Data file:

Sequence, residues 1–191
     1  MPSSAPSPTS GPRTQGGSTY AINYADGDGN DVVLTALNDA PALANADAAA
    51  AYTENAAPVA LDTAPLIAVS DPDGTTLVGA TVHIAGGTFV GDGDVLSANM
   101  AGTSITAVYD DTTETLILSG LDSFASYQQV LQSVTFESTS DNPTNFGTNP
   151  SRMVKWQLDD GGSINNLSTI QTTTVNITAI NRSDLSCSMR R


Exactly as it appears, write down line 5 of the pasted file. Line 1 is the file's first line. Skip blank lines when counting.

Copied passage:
   151  SRMVKWQLDD GGSINNLSTI QTTTVNITAI NRSDLSCSMR R